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Aside – Who will mourn traditional news?

Posted by Preston on 2009-06-21

I’ve practically given up on traditional news sources, much to my annoyance. You see, I used to be one of those people who really enjoyed watching the news, or listening to news radio, or reading newspapers*.

The combination of the ongoing economic crisis, and more recently, swine flu, has reached the point where I’ve come to the conclusion that traditional news sources need to die, if their intent is to continue down the path they’ve been increasingly following. That is they’ve become so wracked by consumerism and revenue that coverage is rarely, if ever, measured and neutral.

With this, I’m not talking about obvious right-wing leanings of certain outlets such as “Fox News”, or the equally obvious left-wing leanings of other outlets such as “The Sydney Morning Herald“.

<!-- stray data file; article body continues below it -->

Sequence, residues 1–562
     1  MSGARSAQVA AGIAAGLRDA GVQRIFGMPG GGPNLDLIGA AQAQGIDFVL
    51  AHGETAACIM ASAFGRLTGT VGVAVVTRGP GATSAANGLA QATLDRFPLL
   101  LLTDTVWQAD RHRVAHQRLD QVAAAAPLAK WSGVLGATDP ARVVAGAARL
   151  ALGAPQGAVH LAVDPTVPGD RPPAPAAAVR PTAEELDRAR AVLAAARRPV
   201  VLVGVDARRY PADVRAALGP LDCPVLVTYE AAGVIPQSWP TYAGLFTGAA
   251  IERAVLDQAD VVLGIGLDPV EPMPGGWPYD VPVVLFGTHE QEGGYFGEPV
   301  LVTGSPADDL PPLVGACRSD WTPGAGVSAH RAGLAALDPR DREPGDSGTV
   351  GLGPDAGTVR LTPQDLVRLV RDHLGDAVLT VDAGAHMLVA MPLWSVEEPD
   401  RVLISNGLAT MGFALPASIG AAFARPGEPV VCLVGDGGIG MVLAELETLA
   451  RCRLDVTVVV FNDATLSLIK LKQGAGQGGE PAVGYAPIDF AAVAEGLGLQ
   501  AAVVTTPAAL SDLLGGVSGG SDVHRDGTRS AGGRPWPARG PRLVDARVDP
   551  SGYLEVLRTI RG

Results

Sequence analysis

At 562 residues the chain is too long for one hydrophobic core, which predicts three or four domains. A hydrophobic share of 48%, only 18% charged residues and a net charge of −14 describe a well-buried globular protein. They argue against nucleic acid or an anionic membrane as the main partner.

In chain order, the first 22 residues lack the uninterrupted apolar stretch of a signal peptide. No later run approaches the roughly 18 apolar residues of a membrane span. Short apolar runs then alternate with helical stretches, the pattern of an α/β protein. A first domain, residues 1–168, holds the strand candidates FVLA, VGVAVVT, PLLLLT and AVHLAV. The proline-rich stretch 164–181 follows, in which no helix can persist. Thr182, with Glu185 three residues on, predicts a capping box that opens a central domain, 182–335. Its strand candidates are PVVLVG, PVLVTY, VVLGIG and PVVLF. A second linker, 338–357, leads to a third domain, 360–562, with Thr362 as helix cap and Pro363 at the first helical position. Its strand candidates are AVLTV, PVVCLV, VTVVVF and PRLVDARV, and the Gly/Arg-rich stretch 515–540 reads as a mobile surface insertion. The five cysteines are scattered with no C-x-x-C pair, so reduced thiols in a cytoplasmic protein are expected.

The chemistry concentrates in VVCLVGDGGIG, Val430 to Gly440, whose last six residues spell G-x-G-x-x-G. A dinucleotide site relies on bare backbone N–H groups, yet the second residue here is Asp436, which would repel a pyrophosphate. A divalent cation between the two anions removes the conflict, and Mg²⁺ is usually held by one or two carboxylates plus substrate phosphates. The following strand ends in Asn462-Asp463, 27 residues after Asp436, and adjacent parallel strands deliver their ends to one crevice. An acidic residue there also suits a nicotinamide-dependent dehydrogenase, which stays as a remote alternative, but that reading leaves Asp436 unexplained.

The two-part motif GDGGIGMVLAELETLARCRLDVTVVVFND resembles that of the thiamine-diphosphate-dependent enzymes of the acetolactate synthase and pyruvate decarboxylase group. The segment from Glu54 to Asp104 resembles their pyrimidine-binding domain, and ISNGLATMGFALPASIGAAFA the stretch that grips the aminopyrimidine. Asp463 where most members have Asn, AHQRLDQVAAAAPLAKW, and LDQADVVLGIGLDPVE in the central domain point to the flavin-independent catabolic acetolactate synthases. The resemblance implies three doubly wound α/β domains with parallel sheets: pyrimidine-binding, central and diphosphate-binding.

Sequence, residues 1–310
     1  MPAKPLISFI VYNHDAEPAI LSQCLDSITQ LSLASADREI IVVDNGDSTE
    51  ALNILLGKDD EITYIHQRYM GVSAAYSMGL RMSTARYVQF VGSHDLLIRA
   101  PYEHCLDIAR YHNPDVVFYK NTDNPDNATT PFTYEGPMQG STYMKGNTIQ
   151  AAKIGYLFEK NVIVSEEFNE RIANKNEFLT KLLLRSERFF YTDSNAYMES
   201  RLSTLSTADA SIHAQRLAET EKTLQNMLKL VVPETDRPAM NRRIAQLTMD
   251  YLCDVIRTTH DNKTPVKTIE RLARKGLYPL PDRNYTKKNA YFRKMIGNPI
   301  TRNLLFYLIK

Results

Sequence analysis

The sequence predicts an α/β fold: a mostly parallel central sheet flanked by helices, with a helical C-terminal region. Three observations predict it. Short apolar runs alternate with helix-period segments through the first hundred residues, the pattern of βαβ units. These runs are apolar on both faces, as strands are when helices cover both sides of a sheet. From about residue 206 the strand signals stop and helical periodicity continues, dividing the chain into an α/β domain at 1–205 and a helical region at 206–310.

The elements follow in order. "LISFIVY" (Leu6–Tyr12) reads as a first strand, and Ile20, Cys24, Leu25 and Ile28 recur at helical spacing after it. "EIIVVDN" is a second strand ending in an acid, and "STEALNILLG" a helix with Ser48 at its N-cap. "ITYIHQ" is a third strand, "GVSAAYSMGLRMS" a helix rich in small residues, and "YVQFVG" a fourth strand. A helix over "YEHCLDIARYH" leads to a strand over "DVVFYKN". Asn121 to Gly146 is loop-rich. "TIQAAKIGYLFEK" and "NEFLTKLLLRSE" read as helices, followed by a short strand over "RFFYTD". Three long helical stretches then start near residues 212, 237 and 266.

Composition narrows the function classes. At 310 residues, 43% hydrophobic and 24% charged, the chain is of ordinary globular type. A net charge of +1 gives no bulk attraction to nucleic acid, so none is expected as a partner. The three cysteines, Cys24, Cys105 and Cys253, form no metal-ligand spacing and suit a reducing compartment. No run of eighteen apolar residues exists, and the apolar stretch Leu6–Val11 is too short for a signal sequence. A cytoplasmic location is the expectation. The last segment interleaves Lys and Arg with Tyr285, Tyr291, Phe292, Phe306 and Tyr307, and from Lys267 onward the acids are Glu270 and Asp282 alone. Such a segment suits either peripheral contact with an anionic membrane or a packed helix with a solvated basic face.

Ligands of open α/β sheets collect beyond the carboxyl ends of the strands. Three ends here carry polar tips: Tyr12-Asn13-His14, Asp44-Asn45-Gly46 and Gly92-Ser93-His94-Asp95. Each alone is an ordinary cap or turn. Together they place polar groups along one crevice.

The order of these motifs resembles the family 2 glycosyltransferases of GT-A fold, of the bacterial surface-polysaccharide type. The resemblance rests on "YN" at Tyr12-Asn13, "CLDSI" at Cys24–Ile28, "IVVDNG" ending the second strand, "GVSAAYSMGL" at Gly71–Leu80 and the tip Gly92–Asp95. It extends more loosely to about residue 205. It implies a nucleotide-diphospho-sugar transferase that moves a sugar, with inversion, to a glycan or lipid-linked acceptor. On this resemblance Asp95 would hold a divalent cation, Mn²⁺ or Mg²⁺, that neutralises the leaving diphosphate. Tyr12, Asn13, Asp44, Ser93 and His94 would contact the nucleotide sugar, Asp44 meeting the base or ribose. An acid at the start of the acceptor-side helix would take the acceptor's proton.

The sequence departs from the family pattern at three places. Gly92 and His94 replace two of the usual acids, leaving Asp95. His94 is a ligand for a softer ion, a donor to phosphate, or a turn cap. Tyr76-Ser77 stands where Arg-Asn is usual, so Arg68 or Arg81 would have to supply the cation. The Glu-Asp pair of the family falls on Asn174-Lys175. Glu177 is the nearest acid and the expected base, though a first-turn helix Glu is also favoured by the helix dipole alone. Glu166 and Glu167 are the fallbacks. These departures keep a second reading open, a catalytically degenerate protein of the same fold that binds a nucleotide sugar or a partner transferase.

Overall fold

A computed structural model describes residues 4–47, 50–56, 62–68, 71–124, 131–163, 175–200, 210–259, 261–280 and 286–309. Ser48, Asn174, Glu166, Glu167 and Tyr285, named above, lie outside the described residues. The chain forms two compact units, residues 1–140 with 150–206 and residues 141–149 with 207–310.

What I’m talking about is the need to sensationalise, to stir hysteria, and to create dissension, so as to fulfill one simple requirement: to sell more. It has become more and more obvious that articles are rarely written any longer to simply convey the facts**. The news is not full of news any more, but of opinion. To be blunt, if there isn’t a clear distinction between a news article and an opinion article, then there’s something very wrong going on. There’s also insufficient disclosure of bias – that is, where the personal belief systems of the ‘journalist’ impacts the reporting.

Recently I’ve been reading more and more at The Huffington Post; this online news source does indeed clearly differentiate between opinion pieces and plain facts reporting. But it’s a rare breed, and certainly atypical of many of the conventional news sources.

Much has been said recently of the need to save traditional media – particularly newspapers. But I think amongst all this, too few people are asking the real question: do they deserve to be saved?


* Either online, or at least 12 hours after publication. I’m allergic to fresh newspaper ink.

** A cynic might ask “were they ever written thusly?”

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